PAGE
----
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I have a User entity, which may have a RefreshToken (for authentication).

Notes:

  • A refresh token doesn't have "identity", but is related to a single user - it is only valid for that user. In the db that means a foreign key to users table. In Entity Framework I can however model it as an "owned" type so that it's part of the users table.
  • A refresh token can be revoked, i.e. deleted from the database
  • A refresh token can be renewed - at the domain level that means replacing the old with a new one, but at the db level that means simply updating the existing record (unless it's an "owned" type in which case I'll update the user record)

So, is the RefreshToken an entity or a value object?

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  • Why do you think the token does not have an identity? Doesn't it have some kind of ID?
    – user330854
    May 22, 2019 at 7:50
  • @LutzHorn Like I typed above, it is related to the user via an FK. But if I model it as an "owned" type then it won't even need that and won't have any identity.
    – lonix
    May 22, 2019 at 7:51
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    @LutzHorn The token itself may be an identifier, but I wouldn't think of it as having an identity of its own, unless it has attributes that change over time (which is not the case here since OP is replacing old tokens with new ones).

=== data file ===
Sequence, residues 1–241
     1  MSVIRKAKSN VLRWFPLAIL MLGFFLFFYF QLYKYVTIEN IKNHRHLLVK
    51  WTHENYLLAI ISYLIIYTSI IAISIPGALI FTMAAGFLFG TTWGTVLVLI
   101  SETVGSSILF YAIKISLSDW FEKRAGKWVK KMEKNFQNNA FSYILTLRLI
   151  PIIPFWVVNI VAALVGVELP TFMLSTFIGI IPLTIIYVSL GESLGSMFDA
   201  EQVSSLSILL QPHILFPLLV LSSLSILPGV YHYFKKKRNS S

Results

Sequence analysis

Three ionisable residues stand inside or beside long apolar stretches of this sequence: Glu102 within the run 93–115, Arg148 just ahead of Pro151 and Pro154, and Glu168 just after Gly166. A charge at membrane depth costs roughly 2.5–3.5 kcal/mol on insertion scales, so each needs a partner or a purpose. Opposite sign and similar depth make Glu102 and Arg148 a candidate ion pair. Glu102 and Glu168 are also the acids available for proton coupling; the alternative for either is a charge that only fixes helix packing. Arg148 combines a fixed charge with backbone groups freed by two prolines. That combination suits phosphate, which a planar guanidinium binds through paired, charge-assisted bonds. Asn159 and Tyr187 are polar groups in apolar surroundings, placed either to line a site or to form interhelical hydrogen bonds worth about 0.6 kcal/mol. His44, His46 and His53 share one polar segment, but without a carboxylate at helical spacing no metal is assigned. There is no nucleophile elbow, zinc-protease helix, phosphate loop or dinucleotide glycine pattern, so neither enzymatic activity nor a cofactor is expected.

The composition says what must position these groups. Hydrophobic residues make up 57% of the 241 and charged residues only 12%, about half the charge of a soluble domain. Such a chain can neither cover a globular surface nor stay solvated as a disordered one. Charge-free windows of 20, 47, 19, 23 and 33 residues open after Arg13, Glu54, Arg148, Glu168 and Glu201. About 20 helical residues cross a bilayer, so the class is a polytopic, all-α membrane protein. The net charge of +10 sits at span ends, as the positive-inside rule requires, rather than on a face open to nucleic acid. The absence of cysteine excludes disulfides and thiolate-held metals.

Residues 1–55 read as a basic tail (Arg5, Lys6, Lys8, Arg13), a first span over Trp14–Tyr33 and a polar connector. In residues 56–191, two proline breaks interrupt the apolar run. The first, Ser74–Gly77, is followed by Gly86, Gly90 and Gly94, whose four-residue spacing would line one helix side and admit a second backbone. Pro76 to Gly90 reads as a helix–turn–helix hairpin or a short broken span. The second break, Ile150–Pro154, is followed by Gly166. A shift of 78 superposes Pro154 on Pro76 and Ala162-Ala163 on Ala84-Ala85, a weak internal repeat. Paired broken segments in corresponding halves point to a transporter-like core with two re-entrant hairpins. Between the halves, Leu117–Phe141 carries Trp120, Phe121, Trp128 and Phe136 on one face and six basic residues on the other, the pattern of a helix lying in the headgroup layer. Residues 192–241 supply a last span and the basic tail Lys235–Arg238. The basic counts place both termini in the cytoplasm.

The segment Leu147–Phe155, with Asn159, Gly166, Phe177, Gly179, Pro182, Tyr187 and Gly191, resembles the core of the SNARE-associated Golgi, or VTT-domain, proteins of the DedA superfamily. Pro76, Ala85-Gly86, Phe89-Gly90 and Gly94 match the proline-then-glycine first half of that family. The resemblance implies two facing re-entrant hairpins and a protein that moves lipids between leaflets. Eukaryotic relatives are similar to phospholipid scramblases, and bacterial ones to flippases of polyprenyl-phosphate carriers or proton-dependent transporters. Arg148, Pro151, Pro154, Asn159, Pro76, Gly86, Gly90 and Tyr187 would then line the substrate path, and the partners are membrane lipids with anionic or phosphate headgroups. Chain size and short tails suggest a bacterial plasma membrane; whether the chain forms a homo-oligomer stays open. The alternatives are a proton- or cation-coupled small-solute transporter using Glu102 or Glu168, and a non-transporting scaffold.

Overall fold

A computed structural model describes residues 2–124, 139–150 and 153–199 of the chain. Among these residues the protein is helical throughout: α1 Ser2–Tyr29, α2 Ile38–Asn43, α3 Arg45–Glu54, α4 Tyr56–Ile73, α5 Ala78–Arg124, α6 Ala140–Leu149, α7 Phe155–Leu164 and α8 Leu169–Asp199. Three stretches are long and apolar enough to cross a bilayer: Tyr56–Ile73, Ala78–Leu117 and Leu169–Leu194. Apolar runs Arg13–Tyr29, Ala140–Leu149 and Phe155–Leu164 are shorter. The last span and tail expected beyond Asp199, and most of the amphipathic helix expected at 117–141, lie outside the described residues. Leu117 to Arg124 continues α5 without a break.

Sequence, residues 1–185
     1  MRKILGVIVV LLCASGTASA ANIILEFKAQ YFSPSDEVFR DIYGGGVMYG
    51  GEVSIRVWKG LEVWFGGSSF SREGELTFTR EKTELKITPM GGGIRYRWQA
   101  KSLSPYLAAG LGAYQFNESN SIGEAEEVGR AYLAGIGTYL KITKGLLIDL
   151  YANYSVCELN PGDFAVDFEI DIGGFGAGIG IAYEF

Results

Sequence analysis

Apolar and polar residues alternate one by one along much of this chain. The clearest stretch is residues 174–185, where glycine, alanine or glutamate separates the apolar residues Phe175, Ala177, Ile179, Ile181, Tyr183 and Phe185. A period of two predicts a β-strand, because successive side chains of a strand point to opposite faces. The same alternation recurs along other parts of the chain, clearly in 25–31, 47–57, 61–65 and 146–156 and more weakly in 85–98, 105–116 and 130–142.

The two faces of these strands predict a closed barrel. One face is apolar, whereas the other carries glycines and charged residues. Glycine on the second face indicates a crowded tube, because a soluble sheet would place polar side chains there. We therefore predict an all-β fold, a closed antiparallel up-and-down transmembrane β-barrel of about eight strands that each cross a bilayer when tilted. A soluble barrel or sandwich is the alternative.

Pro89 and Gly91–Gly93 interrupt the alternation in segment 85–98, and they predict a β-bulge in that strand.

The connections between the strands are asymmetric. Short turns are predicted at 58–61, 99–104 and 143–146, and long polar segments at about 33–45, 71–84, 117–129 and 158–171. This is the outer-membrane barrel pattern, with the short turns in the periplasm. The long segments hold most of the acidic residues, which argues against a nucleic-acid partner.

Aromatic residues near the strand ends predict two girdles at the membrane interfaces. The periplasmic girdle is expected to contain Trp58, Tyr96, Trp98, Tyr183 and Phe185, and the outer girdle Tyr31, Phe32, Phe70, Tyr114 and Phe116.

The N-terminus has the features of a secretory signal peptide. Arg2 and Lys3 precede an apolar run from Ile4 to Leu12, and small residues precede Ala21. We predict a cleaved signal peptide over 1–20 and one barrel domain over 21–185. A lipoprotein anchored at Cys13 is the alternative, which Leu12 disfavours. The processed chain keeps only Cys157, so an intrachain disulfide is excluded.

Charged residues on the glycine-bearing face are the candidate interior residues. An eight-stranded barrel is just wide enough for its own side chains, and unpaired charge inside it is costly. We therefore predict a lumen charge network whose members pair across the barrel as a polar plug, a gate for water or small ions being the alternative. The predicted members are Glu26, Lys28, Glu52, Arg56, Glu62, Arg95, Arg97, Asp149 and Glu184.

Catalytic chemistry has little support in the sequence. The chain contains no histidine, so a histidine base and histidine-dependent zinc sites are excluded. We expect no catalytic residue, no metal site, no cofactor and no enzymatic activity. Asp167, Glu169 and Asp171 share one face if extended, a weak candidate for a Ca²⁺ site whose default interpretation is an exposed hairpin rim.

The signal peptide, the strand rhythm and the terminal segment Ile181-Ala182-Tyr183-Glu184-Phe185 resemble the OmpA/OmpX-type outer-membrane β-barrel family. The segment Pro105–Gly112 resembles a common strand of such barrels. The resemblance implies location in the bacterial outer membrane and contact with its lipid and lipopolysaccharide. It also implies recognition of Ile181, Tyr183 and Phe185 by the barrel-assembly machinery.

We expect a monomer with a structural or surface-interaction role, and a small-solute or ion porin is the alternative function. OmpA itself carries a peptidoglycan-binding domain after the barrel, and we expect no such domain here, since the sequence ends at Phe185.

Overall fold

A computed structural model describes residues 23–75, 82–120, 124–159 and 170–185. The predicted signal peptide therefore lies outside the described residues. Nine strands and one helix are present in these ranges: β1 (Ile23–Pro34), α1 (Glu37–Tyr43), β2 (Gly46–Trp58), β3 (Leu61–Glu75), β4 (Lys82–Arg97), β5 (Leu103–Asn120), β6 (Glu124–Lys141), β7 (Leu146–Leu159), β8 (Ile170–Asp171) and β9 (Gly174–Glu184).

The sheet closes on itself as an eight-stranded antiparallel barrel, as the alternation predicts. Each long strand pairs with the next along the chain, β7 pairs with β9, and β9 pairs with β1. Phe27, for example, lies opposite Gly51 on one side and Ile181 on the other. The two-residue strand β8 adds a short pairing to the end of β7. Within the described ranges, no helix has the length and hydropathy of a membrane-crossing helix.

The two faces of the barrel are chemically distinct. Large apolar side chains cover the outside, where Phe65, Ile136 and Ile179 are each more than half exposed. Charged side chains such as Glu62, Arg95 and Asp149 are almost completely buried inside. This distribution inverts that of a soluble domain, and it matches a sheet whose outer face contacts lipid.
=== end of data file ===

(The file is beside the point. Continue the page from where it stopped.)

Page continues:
– casablanca
    May 22, 2019 at 7:59
  • I don't consider a RefreshToken being a part of the domain model in the first place: It is purely application specific (authentication / authorization of the application's user). Having said that, if it were part of the domain model, it's name "token" implies, that it does have an identity (which is also essential for a token in order to be useful) ... Mar 22, 2022 at 16:37
  • Also, it has a life cycle (a token is created for a purpose and (usually) never reused), it has a mutable state (valid / expired - I admit this state may be extrinsic and held elsewhere - or it does not have a mutable state: it is valid as long as it exists). So, the bottom line is: A token is not a value object! Mar 22, 2022 at 16:37

2 Answers 2

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The refresh token is solely defined by its values. And there is no continuity of the object when the values change, because it would be replaced by a new token. This is why it is a value object.

This does not prevent that one of the value refers to a given user-id, which gives the impression of continuity between successive values. But it is not sufficient to make it an entity.

Worthwhile to note: tokens are designed for a value semantic, because once they are issued, they are copied and sent across the net to systems that may not have access to the original source, and using protocols that do not allow update.

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  • Yeah that's a good analysis, thanks Christophe!
    – lonix
    May 22, 2019 at 7:59